Mastercard Foundation in partnership with the African Leadership Academy (ALA) is pleased to announce that 20 of Africa’s youngest and brightest entrepreneurs will join the Anzisha Fellowship–a lifelong affiliation that will help accelerate their path to entrepreneurship success. On Tuesday, October 23, these 20 finalists will compete for the Anzisha Prize, Africa’s premier award for her youngest entrepreneurs.
The Anzisha Prize awards young entrepreneurs who have developed and implemented innovative solutions to social challenges or started successful businesses within their communities. Selected from a pool of over 600 applicants, from 13 countries, the finalists are armed with the tools they need to grow their business and attract investment, and are coached and mentored by industry experts. As Anzisha Fellows, they emerge as role models igniting the entrepreneurial spirit within their peers and creating job opportunities in their communities.
Now in its 8th year, the Anzisha Prize program attracts young entrepreneurs from across Africa and for the first time, the Prize is recognizing the achievements of entrepreneurs from Benin, Libya, and Sierra Leone. Applicants represent a wide variety of entrepreneurial efforts, from manufacturing, mining, and healthcare, but agripreneurs continue to dominate the applicant pool.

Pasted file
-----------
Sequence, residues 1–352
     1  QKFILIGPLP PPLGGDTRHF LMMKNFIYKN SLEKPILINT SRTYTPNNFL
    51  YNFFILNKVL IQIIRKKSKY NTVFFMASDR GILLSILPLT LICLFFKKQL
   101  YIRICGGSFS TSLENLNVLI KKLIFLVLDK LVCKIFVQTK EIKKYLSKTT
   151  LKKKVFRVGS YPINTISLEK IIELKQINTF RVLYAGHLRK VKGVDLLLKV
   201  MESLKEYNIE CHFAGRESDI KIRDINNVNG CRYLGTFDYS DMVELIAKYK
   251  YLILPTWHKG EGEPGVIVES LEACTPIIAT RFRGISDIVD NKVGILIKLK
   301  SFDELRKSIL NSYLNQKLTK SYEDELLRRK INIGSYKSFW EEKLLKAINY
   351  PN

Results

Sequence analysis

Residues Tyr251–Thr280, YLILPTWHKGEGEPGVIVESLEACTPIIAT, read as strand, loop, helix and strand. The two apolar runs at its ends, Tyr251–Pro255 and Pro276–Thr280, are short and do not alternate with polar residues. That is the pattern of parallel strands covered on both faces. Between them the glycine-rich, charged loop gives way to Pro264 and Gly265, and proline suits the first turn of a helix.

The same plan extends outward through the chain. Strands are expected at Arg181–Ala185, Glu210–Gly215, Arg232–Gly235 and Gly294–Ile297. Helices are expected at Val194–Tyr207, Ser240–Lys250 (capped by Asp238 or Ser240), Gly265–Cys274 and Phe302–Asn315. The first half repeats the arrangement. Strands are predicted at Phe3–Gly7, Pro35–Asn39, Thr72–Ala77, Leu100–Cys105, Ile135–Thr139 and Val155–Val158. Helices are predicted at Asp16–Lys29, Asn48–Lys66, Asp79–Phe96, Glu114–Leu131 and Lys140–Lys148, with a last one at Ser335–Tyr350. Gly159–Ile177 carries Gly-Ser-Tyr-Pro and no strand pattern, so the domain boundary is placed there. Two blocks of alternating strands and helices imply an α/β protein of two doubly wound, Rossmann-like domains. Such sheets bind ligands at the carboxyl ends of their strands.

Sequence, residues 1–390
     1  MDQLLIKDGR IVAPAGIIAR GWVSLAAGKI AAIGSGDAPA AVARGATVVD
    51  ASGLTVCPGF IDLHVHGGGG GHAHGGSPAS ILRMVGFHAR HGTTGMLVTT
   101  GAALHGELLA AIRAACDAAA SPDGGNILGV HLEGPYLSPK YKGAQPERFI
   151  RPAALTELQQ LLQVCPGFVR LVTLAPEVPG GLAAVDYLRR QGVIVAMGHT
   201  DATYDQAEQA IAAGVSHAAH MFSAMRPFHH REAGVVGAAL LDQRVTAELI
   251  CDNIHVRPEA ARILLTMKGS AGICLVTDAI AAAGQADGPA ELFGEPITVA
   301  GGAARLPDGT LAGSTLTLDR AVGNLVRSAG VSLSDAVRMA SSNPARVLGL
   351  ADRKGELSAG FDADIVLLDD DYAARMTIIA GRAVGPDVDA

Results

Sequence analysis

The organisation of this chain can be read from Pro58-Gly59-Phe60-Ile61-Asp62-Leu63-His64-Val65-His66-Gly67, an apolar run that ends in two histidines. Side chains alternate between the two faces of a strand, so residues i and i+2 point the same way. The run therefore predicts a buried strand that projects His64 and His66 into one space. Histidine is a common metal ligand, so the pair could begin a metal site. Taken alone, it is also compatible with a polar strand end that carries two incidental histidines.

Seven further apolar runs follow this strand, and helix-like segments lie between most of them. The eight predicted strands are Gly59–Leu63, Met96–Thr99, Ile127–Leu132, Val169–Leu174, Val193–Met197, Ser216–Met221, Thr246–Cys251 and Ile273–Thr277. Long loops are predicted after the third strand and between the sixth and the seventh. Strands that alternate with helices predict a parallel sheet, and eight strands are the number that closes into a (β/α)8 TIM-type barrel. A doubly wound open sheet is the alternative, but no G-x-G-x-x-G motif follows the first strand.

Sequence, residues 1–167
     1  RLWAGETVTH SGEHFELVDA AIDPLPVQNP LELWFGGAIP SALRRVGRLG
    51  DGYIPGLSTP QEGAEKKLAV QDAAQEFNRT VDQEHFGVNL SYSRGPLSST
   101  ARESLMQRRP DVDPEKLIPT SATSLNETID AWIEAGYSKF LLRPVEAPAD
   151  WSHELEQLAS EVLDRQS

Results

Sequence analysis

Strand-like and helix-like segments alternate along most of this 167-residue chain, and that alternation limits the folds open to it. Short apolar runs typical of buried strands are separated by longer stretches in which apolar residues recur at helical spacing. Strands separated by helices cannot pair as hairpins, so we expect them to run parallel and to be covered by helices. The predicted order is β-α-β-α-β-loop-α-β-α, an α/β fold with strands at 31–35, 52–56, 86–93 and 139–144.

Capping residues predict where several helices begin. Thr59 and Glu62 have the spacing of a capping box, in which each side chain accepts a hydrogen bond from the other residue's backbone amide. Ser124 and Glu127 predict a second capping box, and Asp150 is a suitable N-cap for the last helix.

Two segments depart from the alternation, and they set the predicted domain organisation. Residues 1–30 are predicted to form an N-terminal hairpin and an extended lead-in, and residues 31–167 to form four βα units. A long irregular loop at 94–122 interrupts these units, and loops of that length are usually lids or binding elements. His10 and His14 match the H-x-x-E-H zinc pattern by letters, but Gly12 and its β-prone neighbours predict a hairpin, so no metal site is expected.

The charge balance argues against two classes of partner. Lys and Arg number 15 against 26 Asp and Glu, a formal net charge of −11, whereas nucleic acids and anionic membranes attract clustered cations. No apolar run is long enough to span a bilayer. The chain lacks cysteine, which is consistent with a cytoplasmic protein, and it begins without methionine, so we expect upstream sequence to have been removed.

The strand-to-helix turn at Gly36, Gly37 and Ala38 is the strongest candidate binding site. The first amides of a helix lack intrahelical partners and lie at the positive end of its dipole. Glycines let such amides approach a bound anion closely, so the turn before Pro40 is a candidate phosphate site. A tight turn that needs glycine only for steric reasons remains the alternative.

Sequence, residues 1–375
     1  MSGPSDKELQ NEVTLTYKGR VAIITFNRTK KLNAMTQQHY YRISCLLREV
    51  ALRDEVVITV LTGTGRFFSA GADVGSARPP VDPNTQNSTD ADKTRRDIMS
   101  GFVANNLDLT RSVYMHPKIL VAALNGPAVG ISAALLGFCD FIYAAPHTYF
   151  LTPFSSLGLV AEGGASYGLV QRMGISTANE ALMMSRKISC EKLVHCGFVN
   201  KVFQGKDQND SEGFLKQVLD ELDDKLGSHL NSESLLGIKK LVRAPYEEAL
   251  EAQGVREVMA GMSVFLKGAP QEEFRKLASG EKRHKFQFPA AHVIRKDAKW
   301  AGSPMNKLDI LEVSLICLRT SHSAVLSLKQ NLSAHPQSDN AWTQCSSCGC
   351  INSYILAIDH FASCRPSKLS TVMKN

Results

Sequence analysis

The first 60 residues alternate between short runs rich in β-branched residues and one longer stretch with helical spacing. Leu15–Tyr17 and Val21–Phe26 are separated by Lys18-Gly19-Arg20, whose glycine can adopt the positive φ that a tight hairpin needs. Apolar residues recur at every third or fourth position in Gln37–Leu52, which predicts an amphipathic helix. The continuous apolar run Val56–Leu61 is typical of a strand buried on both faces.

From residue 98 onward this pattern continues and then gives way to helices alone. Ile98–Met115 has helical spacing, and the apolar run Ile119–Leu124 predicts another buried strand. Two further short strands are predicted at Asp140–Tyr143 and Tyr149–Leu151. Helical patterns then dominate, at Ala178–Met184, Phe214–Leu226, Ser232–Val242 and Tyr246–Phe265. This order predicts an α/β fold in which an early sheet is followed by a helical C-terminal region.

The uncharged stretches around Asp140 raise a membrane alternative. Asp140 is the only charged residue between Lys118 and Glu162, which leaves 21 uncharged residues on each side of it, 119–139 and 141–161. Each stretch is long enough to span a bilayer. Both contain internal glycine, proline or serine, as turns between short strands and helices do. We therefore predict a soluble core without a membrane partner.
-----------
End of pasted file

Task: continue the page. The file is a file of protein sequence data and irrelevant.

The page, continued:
Among them is Kenyan Kevin Kibet, the 22-year old founder of FarmMoja Limited which supports smallholder farmers by providing them with inputs, training, and access to reliable markets. Since its inception in 2016, FarmMoja has distributed inputs to 30 farmers, acquired a seven-acre farm with 1,000 trees, and raised $20,000 in equity funding from angel investors to underwrite its expansion activities. Another finalist, Vanessa Ishiimwe from Rwanda is running three learning centres within a Ugandan refugee camp which are educating more than 300 children and employing 18 youth as teachers.
“Investing in young entrepreneurs to address the youth employment challenge is at the core of the Foundation’s Young Africa Works strategy,” said Koffi Assouan, Program Manager, Mastercard Foundation. “These Fellows are tackling challenges in their communities and driving job creation and sustainable economic growth by improving efficiency in the agrifood sector. We congratulate them on their success.”
The 20 finalists will be flown to Johannesburg for a 10-day entrepreneurship boot camp where they will receive intensive training from African Leadership Academy’s renowned Entrepreneurial Leadership faculty. They will be coached on how to pitch their business to a panel of judges for a share of the US$100,000 cash prize. The grand prize winner will receive US$25,000. The remainder of the prize money will be shared among the rest of the finalists. Additionally, each finalist is enrolled in a Fellowship program that will provide over $7,500 in additional support and services.